By The Pope’s Fool News Service
Updated October 17, 2014
VATICAN CITY (TPF) — Roman Catholics around the world were gobsmacked when the Extraordinary Synod of Bishops on the Family issued its relatio post disceptationem, or interim report. Variously described as an earthquake, the big one, seismic, groundbreaking, and shocking, on the one hand, and shameful and completely wrong on the other, the relatio suggested that the bishops are considering the possibility of speaking in a more gentle way about cohabiting couples, divorced and remarried parishioners, and gay Catholics and their children. As explained by John Allen on PBS Newshour, it authorizes “people at the grass roots to feel good about the fact that you can be both a faithful Catholic, and you can be friends with gays and lesbians, you can be friends with people who are living together outside of marriage, you can be friends with people who are divorced and remarried,” without approving their lifestyles.
The consensus is that even though no doctrine is changing, the mere fact that the Church’s vocabulary might move from evil, gravely immoral, and intrinsically disordered, to wounded, damaged, and broken, is a stunner. As PBS Newshour’s Judy Woodruff said, “It’s certainly gotten our attention.” The shift is best summed up by Cardinal Dolan, who said, “The bishops are speaking with immense love and tenderness about their people, especially about their broken people.”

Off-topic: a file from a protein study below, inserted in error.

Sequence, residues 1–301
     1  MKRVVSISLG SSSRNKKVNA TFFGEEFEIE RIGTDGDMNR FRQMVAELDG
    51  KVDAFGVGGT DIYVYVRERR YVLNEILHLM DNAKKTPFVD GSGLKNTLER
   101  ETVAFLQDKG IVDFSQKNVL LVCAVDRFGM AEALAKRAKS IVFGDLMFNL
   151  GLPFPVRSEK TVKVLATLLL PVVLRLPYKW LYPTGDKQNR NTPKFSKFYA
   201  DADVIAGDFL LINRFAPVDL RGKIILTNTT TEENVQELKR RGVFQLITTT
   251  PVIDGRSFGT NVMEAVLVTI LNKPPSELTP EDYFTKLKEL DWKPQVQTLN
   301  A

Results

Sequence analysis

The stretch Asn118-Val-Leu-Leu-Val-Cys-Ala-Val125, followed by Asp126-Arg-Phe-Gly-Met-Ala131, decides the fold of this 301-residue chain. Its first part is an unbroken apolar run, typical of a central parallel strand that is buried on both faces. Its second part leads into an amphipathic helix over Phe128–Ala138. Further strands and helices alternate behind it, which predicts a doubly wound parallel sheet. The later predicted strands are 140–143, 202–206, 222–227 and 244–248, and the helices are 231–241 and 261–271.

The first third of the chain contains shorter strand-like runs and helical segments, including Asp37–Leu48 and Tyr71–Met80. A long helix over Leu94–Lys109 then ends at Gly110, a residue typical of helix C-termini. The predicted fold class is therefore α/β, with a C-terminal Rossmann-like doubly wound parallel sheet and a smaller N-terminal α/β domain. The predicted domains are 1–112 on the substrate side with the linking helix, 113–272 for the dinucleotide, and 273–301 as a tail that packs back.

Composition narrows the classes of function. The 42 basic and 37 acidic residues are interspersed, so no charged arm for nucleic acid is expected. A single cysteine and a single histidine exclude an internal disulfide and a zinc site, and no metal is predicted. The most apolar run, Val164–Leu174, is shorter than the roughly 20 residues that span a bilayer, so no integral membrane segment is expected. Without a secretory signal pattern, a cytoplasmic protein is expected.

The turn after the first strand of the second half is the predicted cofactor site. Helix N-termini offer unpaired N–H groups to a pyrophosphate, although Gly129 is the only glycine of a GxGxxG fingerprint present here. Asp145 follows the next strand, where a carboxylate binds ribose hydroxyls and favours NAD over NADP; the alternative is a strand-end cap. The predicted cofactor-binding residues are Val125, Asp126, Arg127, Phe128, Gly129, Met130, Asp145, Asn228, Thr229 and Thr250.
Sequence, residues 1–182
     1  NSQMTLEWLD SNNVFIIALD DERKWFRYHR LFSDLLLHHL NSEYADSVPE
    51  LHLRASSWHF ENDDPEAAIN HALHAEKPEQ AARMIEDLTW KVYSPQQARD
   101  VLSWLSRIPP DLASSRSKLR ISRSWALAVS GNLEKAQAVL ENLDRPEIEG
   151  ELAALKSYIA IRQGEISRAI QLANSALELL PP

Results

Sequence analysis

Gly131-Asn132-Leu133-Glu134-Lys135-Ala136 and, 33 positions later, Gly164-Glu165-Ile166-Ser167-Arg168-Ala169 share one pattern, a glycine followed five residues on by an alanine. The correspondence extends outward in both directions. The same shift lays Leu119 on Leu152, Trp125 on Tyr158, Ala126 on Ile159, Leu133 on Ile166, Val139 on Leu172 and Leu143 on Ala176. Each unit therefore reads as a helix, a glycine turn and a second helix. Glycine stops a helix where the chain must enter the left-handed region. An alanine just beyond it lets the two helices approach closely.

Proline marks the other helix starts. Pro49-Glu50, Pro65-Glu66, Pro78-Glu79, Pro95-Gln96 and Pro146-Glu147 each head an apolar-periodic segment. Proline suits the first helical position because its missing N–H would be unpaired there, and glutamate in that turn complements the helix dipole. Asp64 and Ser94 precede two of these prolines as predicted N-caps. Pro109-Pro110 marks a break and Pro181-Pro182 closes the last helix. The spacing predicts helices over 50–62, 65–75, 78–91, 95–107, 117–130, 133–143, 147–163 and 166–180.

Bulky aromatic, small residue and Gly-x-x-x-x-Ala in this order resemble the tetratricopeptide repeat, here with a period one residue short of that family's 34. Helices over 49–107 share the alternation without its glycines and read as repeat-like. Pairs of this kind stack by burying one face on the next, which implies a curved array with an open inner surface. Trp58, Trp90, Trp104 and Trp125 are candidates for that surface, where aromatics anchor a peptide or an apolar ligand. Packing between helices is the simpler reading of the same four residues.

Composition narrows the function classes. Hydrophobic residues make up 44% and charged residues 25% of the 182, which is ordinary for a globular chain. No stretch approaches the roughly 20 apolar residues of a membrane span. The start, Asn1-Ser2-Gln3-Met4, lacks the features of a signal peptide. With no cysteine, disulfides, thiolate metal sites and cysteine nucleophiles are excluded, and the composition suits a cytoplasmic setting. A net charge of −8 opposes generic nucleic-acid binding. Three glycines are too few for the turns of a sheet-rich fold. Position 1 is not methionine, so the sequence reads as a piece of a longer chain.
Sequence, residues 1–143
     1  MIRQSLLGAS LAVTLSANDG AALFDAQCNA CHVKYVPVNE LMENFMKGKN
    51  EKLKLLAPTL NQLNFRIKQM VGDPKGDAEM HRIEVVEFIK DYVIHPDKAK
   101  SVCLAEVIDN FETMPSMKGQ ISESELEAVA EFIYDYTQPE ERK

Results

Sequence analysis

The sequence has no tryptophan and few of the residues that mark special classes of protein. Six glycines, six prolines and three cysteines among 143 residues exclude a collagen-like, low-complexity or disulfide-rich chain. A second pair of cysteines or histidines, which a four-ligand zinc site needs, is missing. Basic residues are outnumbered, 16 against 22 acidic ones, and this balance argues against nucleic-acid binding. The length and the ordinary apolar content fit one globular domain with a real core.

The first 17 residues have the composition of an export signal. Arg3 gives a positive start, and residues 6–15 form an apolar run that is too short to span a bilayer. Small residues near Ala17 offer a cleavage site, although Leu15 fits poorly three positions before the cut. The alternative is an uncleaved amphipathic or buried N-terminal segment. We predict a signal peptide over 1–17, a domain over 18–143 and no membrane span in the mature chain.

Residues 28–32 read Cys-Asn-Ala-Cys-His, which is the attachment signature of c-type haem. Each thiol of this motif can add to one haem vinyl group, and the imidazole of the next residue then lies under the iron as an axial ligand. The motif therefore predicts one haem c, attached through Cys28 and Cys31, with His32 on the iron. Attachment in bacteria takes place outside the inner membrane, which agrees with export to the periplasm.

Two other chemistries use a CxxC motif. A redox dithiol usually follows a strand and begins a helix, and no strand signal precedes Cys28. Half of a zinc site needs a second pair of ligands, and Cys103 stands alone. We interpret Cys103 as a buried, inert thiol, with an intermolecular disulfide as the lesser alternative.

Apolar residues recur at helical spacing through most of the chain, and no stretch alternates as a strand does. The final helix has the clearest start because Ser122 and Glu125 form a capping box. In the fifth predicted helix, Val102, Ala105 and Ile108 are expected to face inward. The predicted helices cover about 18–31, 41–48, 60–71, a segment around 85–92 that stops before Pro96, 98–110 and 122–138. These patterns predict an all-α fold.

Later Cardinal Pizzicato, head of the Pontifical Council for Congregations, clarified that doctrine was indeed not changing, and that while the Church still considers the homosexual lifestyle intrinsically disordered, sex outside marriage gravely immoral, and Catholics who remarry without an annulment basically adulterers, the bishops are trying to figure out a nicer way to communicate those doctrines.
UPDATE: Some words in the English translation of the relatio post disceptationem or interim report of the Extraordinary Synod of Bishops on the Family have been changed.
The AP reports that “A section initially titled ‘Welcoming homosexuals’ is now ‘Providing for homosexual persons,’ and the tone of the text is significantly colder and less welcoming. … The first version asked if the church was capable of ‘welcoming these people, guaranteeing to them a fraternal space in our communities.’ The new version asks if the church is capable of providing for these people, guaranteeing … them … a place of fellowship in our communities.'”
The the original Italian version of the relatio remains the official text, and still contains the original “welcoming” language, leading an Italian cardinal to wonder if Italy would see an influx of gay Catholics yearning to be welcomed into the Church, rather than just being provided for.